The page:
Advertisements: What You Hear & What You Need to Know

I actually enjoy good ads. Not only do they keep all media outlets in business, they support a ton of local businesses, and can also inform, and be memorable. Who doesn’t enjoy the U.S. Superbowl ads? Even the Canadian ones are well done.

But not all ads are created equal and some of them really need you to think and ask questions before buying. Do you only see the large print and never the ‘up to’? Up to triple the reward points…1% introductory rate? No payment for six months?

The largest credit card marketing is for reward cards because they have an annual fee. When you see any ad with triple reward points, that’s not the time to apply, but to get a magnifying glass and check the fine print first. Your triple rewards will be on one or two categories such as restaurants or drug stores. It’ll likely be for places with the biggest markups where they have the “room” to give you the triple points, or restaurants where you’ll earn maybe an extra 5 or 10 points, because you’re probably going out to dinner two or three times a month, tops. On the rest of your charges, the 90% or more, the points aren’t tripled. Hear me really clearly: Nobody ever became financially successful because of their reward points. People become financially successful paying cash or debit!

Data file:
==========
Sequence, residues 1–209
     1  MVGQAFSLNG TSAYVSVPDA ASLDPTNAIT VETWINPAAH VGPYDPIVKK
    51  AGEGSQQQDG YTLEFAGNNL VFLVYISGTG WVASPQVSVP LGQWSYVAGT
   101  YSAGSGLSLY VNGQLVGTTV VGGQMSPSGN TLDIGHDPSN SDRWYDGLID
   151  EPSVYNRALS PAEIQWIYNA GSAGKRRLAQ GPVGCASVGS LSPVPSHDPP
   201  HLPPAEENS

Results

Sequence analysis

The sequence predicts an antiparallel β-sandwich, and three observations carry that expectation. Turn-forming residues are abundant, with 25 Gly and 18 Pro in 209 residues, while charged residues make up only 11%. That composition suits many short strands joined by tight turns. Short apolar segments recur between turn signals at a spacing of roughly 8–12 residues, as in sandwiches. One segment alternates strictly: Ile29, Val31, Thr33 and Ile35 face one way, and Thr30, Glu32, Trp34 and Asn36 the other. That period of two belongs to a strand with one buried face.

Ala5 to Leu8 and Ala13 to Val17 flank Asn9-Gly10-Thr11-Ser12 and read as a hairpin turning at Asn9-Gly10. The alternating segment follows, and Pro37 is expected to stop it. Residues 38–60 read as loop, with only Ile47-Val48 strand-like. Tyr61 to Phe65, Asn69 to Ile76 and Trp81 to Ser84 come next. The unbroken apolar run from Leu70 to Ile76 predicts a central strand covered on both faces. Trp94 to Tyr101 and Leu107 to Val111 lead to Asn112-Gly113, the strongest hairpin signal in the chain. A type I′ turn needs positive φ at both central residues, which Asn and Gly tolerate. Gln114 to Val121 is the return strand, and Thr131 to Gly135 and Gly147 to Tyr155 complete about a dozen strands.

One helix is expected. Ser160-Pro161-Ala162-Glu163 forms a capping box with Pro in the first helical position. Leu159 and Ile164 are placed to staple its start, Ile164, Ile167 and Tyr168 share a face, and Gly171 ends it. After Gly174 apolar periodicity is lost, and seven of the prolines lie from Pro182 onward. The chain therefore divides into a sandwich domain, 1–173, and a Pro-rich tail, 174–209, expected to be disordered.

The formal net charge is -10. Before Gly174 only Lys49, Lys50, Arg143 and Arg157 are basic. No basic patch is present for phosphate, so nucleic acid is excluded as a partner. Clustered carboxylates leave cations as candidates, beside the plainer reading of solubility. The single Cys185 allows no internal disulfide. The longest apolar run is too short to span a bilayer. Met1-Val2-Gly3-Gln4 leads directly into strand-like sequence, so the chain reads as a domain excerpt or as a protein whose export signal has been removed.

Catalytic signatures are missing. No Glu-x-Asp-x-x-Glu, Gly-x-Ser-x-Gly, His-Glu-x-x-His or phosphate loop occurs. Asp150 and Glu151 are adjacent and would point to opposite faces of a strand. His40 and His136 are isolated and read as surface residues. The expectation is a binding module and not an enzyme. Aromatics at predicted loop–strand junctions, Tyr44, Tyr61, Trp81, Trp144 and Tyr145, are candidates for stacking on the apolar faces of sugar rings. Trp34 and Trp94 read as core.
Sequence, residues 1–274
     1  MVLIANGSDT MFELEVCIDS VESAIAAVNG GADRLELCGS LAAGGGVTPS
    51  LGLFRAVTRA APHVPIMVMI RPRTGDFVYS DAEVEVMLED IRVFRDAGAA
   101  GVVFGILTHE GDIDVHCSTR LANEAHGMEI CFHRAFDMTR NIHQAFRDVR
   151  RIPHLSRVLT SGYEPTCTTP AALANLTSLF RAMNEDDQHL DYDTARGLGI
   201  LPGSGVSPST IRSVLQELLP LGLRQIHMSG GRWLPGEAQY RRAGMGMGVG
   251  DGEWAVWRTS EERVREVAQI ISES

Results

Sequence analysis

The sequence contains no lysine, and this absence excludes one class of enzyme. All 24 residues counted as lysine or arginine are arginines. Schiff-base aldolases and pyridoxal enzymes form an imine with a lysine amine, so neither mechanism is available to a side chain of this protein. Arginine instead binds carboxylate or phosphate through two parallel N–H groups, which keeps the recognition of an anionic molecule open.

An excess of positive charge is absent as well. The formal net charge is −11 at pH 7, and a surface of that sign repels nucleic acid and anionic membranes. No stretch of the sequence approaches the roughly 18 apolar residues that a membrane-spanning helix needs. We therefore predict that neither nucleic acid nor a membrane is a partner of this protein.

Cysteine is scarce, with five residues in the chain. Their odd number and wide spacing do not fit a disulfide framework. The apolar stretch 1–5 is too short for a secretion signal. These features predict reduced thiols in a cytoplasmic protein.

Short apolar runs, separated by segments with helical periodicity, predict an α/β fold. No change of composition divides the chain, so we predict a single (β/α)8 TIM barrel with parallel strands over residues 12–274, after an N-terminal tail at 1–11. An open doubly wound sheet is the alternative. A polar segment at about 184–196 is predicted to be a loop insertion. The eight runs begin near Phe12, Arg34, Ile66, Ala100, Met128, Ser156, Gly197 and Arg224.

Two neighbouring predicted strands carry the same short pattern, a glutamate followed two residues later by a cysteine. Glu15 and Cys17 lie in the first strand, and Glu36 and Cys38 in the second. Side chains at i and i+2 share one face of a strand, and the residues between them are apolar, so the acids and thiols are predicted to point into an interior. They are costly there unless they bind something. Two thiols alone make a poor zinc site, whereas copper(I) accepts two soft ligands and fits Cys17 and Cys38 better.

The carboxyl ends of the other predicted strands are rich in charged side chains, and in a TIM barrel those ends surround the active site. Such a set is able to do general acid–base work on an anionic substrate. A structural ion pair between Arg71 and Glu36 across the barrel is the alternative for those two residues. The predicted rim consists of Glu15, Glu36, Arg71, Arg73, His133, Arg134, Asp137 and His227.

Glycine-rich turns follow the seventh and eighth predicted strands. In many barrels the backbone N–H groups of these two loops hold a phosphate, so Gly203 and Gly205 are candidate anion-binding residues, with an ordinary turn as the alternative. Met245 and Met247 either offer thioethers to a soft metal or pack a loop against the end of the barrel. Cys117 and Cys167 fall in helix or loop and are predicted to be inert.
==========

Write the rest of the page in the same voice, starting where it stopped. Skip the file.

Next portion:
One of my favourite shows is the Amazing Race. This year, Scotiabank is the main sponsor with their American Express card and they have two very cute ads in the show. This is not a real charge card that you ought to have (and the only one I use) where you have to pay the balance in full. It’s a regular Amex card that allows you to make minimum payments versus having to pay it off each month.

Scotiabank’s main slogan is that you’re richer than you think. In fact, it’s the opposite: You’re poorer than you think. 50% of us can’t live without one paycheque, 70% can’t write a cheque for a $3,000 emergency, the percentage of seniors taking debt into retirement is exploding, and a CBC report last night showed 48% of us will rely on CPP for our entire retirement income. But remember that the main business of banks is to lend money. That’s how they make a profit. If the slogan were that you’re poorer than you think, you may borrow and spend less and save more. That’s how banks would lose money. However, if you have a ton of borrowed money, you’re richer than you think…for a while…until you have to pay it back from the same income you had BEFORE the line of credit, car loan, or new credit card.

It’s the old saying of buyer beware. Enjoy the ads, get the information, and then start asking yourself the right questions before signing. It’s a jungle out there – be careful.

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